How do I tell whether I am running the 32-bit or 64-bit version of SA5 on a Windows 10 machine?
when i had 2 versions in my folder one of them said 64 bit. when i upgraded my new mac the older version doesn't work anymore. search the forum with your question. i have a feeling this has been discussed before but i just looked for the mac answers. i can't make videos on this computer unless i do image sequences of partition an older os.
So the Studio Artist V5 release folder has 2 different application files in it, one named Studio Artist 5 (which is the 32 bit application build), and the other named Studio Artist 5 64 bit.
Catalina will mark the 32 bit one as not being runnable.
You can always get a new release installer from your personal myaccount at Synthetik.com if you are a V5 customer. in case you need to reinstall that Studio Artist 5 folder.
It's easy to tell, because Studio Artist V5 is only available as a 32 bit application build on windows. And that will be the case forever for SA V5, SA V4.
Studio Artist V5.5 will be available as a 64 bit build for windows. And it won't require quicktime for windows to be installed, since it uses our new cross platform 64 bit video framework, for movie file io, as well as for for live video capture.
We had planned on releasing SA V5.5 in Sept. So yes, we are late getting it out the door. Unlike our country's president, i take full responsibility for my fuckups. So i do sincerely apologize for the delay in getting SA V5.5 out the door (both for mac and for windows customers). Believe me, we all want to see it released sooner rather than later.
Anyone buying Studio Artist V5 at this point will get an automatic upgrade to V5.5 when it is released.
Let's just say that there are a lot of different amazing things going on behind the scenes here development-wise, because we're finishing up SA V5.5 to deal with apple dropping quicktime api and 32 bit app support on the mac, and windows customers have been wanting a 64 it build (since windows sucks when it comes to 32 bit virtual memory allocation (less 2GB is all you get)).
And dealing with those issues for existing customers is great. We need to do it. But it pales in comparison to the amazing things going on with the real work we're doing here, which is very much focused on the future. Studio Artist V6 and what that will develop into. We're been re-architecting Studio Artist 6 from the ground up, so that all of the core libraries it is built on will continue to run for the next 10 years. We feel good about the decisions we made. We had to wait for some of them to become available, and it was worth the wait to be using them now,
We're also doing a pretty heavy rethink on what the whole notion of a digital art program even means. The world is changing very quickly. What you can think about doing with images on a computer is changing very quickly. We're very heavily invested in working to bring our customers the latest and greatest developments in deep learning neural networks.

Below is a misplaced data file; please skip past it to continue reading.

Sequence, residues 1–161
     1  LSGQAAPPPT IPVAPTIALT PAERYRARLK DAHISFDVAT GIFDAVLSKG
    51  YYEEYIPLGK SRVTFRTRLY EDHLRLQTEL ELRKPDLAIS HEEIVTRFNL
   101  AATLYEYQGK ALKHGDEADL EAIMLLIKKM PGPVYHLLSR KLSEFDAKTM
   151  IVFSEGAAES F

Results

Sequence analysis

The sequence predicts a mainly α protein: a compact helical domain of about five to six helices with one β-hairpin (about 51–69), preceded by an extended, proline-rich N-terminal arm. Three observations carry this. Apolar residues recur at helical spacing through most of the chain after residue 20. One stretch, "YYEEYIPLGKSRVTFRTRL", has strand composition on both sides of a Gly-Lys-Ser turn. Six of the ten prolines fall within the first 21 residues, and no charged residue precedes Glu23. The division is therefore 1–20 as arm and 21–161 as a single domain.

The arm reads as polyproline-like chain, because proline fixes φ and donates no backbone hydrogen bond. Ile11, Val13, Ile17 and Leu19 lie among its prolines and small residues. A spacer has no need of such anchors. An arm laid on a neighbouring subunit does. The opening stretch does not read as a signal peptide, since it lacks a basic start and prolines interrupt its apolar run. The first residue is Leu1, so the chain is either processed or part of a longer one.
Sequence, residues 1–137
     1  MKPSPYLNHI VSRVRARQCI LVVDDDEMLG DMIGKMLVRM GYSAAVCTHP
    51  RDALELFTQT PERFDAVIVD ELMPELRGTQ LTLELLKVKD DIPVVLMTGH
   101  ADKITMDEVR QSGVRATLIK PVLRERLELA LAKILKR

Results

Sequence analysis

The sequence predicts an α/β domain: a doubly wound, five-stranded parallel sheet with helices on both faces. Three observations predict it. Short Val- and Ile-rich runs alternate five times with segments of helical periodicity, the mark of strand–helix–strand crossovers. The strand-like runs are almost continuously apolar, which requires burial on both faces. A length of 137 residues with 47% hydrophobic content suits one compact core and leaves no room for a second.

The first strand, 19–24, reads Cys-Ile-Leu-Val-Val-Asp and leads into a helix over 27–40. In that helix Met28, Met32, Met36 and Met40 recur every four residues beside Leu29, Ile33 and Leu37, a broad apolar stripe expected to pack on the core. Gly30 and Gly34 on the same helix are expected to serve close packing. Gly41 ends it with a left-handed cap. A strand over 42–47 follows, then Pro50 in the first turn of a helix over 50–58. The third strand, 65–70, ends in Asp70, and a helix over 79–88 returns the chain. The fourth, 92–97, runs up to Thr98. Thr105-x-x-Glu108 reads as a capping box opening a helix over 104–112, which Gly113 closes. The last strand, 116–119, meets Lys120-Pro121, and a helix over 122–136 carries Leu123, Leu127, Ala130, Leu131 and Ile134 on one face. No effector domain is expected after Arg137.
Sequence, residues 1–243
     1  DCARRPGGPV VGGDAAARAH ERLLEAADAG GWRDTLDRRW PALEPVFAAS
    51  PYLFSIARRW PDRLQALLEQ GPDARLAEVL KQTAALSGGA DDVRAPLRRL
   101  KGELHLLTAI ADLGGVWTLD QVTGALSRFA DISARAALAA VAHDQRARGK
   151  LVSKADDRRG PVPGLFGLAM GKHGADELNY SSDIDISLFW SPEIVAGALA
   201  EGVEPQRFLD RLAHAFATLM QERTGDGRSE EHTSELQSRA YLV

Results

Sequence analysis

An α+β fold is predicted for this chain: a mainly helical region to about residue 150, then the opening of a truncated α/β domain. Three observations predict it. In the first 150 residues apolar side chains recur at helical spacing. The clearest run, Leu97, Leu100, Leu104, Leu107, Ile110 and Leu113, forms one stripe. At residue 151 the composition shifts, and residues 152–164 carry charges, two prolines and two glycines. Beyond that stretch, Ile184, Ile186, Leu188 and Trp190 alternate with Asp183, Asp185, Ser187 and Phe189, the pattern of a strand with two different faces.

Certainly we are not the only company doing this. Every digital graphics program would be insane not to be doing so. And how they end up using this new technology is very much going to be a function of how those existing companies work today, the kind of design and workflow decisions they make. I often liken the results to 'design by committee', where a group of people try to decide on the 3 most generic features they can provide for the most people to adjust in the most limited way possible.
Studio Artist has a very different take on digital art then other digital imaging programs that are more about just photo manipulation, or really graphical layout when you are talking about the most famous one. So we're trying to bring our customers access to cutting edge state of the art neural network technology in very Studio Artist centric ways. We want to give the individual artist as much control as possible. Not restrict your creativity.
So that's what we're trying to do.
Not only do I look forward to the version 5.5 release, I'm totally excited about a version 6! Didn't even know one was in the works. Having loved every upgrade since SA version 1, I expect it to not disapppoint.
Thanks for the prompt reply to my 32/64-bit question.
Version 6 is ultimately about breaking out the functional blocks and associated components of what is going on inside of this huge beast of a program known as Studio Artist.
Having gone through one 'apple knows best rewrite everything from scratch for our latest and greatest (at least until next month) api. And watching the result lead to features being lost, entire accompanying complementary programs being lost (erased from history is probably a more accurate description, like those institutions so lovingly described in novels like '1984' or 'Brave New World', institutions devoted to rewriting history as circumstances dictated), endless effort devoted to the redoing of things that already worked perfectly fine the first time they were written. Because when apple says jump, developers are supposed to say yes sir, how high sir.
Now if what you need to rewrite from scratch is pretty simple, then maybe its not such a big deal. Although even then, there's this assumption on apple's part that developers are some kind of robotic slaves that will do whatever they want them to do, whenever asked. And why get 2 or 3 apple engineers to make it easy to do it when we can just ask every single one of them to do it by themselves. Yes, my apple developer PTSD disorder is rearing it's ugly head. You have been warned.
And apple has thrown down the gauntlet again with this kind of thing in a series of moves over the last few years. The big obvious 'much talked about in the press' one being the Intel x86 to ARM chip architecture change for cpu cores. Coming in osx Big Sur, osx 11.
The cynical viewpoint would be that apple finally turned their mac product line into big clunky iphones that are missing the phone part (like the ipad, that big iphone you can't actually make a call on on some reason. But it's the same os, running on the same chip set. And this new ARM based mac could be destined to be much the same.
My even more cynical viewpoint is that apple vies all of these devices a credit card readers, end of story. Their point is to get people to charge purchases to a credit card (preferable an apple credit card), and preferably a occurring change that happens every month (easy to turn on, hard to turn off).